Optimists naturally point to the historically low levels of unemplyment, but those same people ignore the fact that labor participation is falling and that even where there is work, the value going back to the general workforce continues to decline in real terms. And before anyone throws the AT&T bonuses that were widely touted following the US tax cuts, it's worth remembering that no sooner had we drawn admiring breaths from that then we learned that AT&T plans significant layoffs. Without wishing to sound too cynical, companies are going to accrue for bonuses when they see their Federal Tax bill falling from 35% to a flat 21%. The impact of bonus payments is much greater in reducing last year's tax bill. In AT&T's case, it amounts to $28 million. A decent chunk of change.

The Politico story looks for political solutions to the pay problem that is inherent in the contingent workforce model, suggesting that Washington has been glacially slow in both recognizing and then figuring out how to help those who are impoverished as a result of these trends.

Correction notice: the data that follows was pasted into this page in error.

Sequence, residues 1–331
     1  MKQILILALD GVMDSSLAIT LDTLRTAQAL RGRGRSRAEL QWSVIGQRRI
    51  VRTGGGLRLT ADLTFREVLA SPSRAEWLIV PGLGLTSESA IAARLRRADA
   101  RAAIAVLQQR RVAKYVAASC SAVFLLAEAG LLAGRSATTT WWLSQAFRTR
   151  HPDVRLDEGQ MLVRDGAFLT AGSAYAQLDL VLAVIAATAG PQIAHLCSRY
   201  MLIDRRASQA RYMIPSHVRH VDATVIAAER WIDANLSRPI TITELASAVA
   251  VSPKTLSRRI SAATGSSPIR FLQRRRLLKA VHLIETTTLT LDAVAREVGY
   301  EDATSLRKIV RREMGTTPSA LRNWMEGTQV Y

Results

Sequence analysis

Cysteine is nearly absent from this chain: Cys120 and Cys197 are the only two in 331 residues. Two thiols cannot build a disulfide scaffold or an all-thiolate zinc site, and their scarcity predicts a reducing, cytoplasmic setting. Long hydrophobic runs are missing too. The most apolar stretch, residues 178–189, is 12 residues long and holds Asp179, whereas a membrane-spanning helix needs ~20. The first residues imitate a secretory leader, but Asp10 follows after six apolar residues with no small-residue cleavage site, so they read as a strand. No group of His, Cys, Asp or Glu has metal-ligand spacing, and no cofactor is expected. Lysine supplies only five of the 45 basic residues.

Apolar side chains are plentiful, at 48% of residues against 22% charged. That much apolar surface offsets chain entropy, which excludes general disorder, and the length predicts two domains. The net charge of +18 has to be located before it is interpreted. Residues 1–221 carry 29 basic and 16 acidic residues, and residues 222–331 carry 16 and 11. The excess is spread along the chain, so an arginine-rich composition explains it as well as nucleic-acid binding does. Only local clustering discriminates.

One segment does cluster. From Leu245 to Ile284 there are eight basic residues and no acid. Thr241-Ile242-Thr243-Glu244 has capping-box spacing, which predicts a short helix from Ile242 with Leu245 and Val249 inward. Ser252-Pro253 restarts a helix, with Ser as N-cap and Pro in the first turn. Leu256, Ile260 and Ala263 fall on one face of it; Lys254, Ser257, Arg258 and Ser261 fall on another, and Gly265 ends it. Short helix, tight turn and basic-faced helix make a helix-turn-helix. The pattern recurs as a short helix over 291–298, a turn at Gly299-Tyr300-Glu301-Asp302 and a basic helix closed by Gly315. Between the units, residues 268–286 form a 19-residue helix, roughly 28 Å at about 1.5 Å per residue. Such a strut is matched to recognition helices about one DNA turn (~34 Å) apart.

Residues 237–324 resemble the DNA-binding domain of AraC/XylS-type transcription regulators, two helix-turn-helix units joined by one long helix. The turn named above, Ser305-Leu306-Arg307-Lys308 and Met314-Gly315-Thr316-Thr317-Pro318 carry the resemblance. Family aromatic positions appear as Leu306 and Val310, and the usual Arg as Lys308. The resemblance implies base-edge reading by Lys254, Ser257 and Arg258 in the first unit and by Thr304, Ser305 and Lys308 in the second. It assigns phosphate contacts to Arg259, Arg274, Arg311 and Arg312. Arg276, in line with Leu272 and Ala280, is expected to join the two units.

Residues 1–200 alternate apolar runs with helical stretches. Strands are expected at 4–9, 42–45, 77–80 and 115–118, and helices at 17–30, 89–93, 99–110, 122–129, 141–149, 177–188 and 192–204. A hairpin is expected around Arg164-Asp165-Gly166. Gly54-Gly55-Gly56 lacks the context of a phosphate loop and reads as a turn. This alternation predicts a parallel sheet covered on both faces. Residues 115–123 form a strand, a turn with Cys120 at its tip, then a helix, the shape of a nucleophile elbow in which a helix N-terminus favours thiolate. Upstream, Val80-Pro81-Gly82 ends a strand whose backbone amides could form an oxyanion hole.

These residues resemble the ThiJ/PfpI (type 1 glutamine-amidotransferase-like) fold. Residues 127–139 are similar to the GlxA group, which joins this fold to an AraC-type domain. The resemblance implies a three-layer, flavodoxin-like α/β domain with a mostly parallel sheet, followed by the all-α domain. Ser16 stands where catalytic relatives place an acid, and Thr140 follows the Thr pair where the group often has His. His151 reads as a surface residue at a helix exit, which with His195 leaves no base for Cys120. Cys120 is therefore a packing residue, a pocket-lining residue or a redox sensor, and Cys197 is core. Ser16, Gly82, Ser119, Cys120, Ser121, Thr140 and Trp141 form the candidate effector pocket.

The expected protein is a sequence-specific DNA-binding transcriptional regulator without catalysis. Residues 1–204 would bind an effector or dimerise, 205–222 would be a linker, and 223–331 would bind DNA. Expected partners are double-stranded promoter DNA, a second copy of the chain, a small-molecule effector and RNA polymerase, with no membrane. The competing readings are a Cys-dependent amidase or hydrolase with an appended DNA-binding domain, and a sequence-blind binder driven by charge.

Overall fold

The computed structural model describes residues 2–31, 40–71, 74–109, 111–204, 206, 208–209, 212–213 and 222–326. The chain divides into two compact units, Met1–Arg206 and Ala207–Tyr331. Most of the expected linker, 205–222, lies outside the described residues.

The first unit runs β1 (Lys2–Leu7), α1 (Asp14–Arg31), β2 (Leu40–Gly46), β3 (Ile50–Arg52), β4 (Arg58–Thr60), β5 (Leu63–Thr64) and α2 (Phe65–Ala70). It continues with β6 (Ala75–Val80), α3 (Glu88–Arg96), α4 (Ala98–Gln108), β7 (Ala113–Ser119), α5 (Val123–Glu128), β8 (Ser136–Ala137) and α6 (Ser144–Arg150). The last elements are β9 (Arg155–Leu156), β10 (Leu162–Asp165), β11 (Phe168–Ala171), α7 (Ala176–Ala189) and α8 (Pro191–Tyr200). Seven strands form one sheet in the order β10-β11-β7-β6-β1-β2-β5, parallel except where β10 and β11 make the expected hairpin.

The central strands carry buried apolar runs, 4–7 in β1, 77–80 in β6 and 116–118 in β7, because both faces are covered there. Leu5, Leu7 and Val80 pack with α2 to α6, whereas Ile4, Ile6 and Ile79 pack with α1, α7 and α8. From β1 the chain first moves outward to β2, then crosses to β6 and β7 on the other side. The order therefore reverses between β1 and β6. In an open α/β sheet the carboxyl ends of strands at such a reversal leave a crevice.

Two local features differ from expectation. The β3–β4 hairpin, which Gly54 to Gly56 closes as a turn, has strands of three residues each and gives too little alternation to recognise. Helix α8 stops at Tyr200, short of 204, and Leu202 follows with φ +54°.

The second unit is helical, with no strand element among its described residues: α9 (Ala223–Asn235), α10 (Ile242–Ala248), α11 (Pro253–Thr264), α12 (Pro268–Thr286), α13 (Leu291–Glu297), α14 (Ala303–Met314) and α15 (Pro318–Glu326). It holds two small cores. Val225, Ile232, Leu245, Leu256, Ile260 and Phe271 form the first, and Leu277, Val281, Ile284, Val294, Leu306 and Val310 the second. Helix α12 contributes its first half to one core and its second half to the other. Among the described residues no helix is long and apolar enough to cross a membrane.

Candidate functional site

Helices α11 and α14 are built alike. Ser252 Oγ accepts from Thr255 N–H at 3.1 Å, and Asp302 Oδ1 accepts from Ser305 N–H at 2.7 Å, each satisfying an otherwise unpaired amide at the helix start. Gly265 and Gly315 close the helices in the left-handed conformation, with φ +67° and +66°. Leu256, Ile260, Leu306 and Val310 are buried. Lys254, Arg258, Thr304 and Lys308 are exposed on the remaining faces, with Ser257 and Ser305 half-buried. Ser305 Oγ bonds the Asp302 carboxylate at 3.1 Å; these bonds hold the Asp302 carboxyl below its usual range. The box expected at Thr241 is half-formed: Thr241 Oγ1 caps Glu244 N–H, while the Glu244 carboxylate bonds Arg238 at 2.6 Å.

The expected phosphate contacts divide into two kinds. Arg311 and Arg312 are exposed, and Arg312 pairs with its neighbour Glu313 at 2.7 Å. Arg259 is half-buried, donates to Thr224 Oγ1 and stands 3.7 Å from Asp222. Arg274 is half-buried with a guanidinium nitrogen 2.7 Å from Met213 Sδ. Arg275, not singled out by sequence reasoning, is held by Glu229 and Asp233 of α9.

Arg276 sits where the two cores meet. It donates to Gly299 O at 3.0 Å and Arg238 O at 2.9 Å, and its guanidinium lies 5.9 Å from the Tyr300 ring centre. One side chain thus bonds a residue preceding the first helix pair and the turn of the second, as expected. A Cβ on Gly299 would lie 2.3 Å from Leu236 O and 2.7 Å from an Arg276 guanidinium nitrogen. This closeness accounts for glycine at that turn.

Those who support the idea of the contingent workforce argue flexibility and agility when in reality they mean cost reduction. Who foots that bill? Umm..guess.

A race to zero

The problem I see is more fundamental. For all the exhortations around the need for impacted workers to magically find something new, the assumption appears to be the eventual elimination of labor, whether through fancy footwork in the reclassification of workers via outsourcing to 'contingent' and/or through robotic replacement. That's fine if you're an amoral corporation that only cares about continued performance improvement. But nobody seems to be asking the obvious question - what happens when you've gotten rid of most/all the labor?